Commentary: Bilateral Ballism Following Streptococcal Infection, Associated with Psychiatric Disorder and Purpura

Antonio N Gomez-Valdes*

Department of Internal Medicine, Havana University School of Medicine, Havana, Cuba

In the case reported of our article entitled “Bilateral ballism followed streptococcal infection associated with psychiatric disorder and purpura “based on the clinical judgment it was possible to associate the three main clinical manifestation (movement disorder, psychiatric disorder and purpura) under the same etiologic diagnosis that was streptococcal infection of the pharynx confirmed fully. Indeed, in the diagnostic evaluation we try always to be unique when it is reasonably possible. The target treatment removing the infectious focus by tonsillectomy associated with the administration of the specific antibiotic followed by significant improvement of three clinical manifestations especially the biballism confirming the diagnostic pose above mentioned.

The retrospective analysis of the study of the patient reported allow us to consider the following: This patient at teenager was not treated fully of the primary streptococcal infection of the pharynx and of secondary prevention of recurrence, limiting the use of penicillin for each episode of pharyngeal infection with a palliative but not curative effect during the patient’s life. Therefore, the infectious process led to chronicity with latent infection causing the last outbreak in the patient’s adult with the clinical form of rheumatic fever at this age, though with some peculiar modification. Thus, we can infer that biballism might have been a Sydenham’s chorea caused by the first streptococcal infection during the childhood of our patient, though some choreoathetoid movements were accompanying to bilateral ballism. The arthritis was monoarticular as rheumatic fever in adult. The depression depended from the organic process according to psychiatric diagnosis. The purpura was also linked to the central immune-infectious disease having rule out other causes. There was no carditis that is most frequent in children and adolescents but may be absent in the adult as our patient. In conclusion, the wrong medical and therapeutic management of this patient at the beginning of the illness and subsequently resulted in a long evolution of the process that led to the development of the rheumatic fever into adulthood. One of the anatomo-clinical features of this disease is the biballism following a streptococcal infection that is extremely rare even more in the orbit of the rheumatic fever. Our clinical research arises during the medical practice with the purpose of to attain the best diagnosis and treatment for the benefit of the patients, avoiding always any damage to their physical and mental integrity. A clinical observation can be the beginning of a discovery. This is the phenomenon according to Claude Bernard. Claude Bernard was born in France in the year 1813 and is considered one of the greatest minds of science. His biography can be found in all libraries across the world. During the medical practice and specifically from the diagnostic discussion can arises of new idea on a topic based on the clinical observation. This clinical research and its result must be always rigged with the benefit to the patient avoiding any damage to the physical and mental integrity of the patient.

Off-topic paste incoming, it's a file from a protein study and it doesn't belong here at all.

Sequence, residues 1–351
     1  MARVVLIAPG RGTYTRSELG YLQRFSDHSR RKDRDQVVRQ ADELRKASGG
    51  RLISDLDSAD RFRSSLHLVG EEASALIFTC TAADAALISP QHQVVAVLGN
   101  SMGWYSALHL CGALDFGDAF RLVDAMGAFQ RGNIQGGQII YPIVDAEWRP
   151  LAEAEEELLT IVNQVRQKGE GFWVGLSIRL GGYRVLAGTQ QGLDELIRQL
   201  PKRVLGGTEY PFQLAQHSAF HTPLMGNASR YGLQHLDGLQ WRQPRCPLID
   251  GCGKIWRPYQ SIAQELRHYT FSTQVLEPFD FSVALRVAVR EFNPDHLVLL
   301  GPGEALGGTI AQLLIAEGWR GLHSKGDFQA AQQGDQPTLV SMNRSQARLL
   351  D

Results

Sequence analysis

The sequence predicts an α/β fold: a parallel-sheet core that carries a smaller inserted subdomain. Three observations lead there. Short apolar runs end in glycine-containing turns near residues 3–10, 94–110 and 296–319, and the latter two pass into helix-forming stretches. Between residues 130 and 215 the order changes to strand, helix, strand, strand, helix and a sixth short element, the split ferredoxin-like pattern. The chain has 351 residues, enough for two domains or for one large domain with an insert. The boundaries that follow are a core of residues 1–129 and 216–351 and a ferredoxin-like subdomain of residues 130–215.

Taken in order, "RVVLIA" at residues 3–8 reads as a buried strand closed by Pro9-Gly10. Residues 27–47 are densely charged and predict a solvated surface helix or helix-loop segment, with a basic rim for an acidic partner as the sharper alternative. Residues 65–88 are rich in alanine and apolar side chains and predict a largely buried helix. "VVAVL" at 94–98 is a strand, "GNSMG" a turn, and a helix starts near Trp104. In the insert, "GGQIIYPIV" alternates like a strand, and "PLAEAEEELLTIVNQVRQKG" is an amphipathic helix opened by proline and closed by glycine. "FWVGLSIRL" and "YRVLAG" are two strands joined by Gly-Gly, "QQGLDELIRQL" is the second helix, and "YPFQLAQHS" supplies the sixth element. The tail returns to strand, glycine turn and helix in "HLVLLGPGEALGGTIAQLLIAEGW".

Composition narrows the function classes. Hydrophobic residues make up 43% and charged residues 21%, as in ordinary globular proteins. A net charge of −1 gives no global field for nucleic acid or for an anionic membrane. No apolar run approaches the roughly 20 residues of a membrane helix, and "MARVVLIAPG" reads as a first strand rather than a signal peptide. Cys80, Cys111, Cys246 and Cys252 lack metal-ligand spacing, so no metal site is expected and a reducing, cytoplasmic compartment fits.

Article Info

Article Notes

  • Published on: March 06, 2019


  • Streptococcal

  • Purpura


Antonio N Gomez-Valdes
Department of Internal Medicine, Havana University School of Medicine, Havana, Cuba